Maximum Sharpness for your Photos
February 12, 2010 | Landscape Photography | by Michael Breitung
Ok again just a short post dealing with how to get the best sharpness for your landscape images. It’s more of a sum-up of some articles I read in the past. I will add some links at the end of this post.
The essence is when shooting landscape images, where you want a nice crisp foreground leading the viewer into the picture and also want detail in the middle and background, you want the whole scene as sharp as possible! The way to get the maximum sharpness in your images is not to use the smallest apperture of your lense. This may leed to Diffraction which decreases the overall sharpnes of your image. Most lenses are sharpest in the middle range between f/9-f/16. This varies from lense to lense so the best is to test your lense and check for it’s sweet spot.
When you know this the second thing you need to know is where to focus your camera. There’s a principle called the “hyperfocal distance” which roughly suggests that you should focus your camera on a third way into your scene to get the best dof. The reason is, that the dof extends further behind the focal point than in front of it.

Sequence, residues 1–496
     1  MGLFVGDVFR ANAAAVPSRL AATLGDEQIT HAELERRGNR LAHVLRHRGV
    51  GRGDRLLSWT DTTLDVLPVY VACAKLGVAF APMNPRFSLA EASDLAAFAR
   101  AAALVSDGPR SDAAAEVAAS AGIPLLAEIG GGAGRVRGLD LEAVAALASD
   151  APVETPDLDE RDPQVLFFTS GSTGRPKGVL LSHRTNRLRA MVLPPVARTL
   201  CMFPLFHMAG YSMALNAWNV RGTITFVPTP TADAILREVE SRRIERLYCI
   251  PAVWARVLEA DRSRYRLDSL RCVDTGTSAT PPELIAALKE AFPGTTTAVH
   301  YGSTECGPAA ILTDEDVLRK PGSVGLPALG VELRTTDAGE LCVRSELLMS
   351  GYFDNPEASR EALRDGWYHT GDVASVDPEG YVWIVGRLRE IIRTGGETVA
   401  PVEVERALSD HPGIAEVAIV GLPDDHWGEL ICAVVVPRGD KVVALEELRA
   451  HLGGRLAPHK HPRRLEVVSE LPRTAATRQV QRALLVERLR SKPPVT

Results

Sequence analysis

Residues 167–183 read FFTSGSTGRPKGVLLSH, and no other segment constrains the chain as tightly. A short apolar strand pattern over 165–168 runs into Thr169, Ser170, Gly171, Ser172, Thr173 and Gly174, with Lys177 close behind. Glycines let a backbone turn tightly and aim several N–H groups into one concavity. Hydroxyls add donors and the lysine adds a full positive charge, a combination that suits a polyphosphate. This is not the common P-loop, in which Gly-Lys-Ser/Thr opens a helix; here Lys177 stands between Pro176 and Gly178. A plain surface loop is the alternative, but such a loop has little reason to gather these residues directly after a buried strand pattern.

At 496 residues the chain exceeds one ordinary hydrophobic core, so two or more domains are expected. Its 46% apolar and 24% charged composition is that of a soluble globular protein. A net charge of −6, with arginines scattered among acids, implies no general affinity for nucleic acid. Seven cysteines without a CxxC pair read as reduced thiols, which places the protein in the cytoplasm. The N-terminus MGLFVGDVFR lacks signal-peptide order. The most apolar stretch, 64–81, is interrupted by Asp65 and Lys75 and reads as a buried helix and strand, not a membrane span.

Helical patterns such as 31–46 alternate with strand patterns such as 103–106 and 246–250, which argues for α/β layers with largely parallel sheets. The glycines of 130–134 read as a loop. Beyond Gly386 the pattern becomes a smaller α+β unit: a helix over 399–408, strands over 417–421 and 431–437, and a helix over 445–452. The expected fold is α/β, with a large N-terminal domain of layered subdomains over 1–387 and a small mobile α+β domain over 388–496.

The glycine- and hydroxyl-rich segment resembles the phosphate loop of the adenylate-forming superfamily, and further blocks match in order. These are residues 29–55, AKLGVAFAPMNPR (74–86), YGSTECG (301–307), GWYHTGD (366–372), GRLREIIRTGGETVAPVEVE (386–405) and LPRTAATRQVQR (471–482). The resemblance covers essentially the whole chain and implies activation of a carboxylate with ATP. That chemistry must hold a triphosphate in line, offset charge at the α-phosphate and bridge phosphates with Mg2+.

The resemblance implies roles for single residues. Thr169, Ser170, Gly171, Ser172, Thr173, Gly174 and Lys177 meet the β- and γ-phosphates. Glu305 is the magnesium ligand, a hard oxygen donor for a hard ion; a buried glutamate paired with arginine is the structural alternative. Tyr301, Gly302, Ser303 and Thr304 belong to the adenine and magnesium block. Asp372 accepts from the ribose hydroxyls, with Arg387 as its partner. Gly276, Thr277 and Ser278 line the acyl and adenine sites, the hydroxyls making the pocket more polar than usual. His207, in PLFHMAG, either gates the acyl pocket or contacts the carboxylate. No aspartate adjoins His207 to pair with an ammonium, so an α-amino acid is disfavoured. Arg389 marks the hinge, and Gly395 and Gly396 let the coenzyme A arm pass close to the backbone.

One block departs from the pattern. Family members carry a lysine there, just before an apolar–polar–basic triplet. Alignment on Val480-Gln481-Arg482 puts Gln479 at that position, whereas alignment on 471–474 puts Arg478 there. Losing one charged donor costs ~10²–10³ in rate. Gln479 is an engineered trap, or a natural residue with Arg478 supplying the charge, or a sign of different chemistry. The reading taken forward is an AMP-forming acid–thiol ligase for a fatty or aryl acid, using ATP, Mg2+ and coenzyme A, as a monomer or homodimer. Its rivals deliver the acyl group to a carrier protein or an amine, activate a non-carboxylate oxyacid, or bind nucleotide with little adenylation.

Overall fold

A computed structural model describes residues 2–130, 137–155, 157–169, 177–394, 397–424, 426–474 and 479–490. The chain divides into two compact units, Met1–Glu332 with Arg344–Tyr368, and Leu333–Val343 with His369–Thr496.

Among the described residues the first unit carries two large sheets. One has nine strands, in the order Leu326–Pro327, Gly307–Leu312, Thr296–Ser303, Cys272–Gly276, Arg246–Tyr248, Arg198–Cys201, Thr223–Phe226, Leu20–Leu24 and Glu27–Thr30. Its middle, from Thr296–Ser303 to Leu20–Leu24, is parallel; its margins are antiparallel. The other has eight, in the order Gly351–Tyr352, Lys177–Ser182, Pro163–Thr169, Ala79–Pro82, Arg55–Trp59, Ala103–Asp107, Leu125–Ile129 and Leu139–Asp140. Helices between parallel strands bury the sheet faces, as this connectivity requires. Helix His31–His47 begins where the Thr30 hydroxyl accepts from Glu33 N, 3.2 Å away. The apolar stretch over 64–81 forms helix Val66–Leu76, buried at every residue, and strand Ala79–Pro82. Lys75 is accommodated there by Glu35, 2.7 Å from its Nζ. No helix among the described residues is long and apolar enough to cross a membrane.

Since when going for best sharpness you should use a tripod in any case, you can also take it one step further and use focus stacking to get even more sharpness. There’s a nice Video on The Mindful Eye describing how to go about it. You might need to register an account there to view the videos but since it’s free and the community there is just great this is a thing I suggest anyway 😉
And here are some links: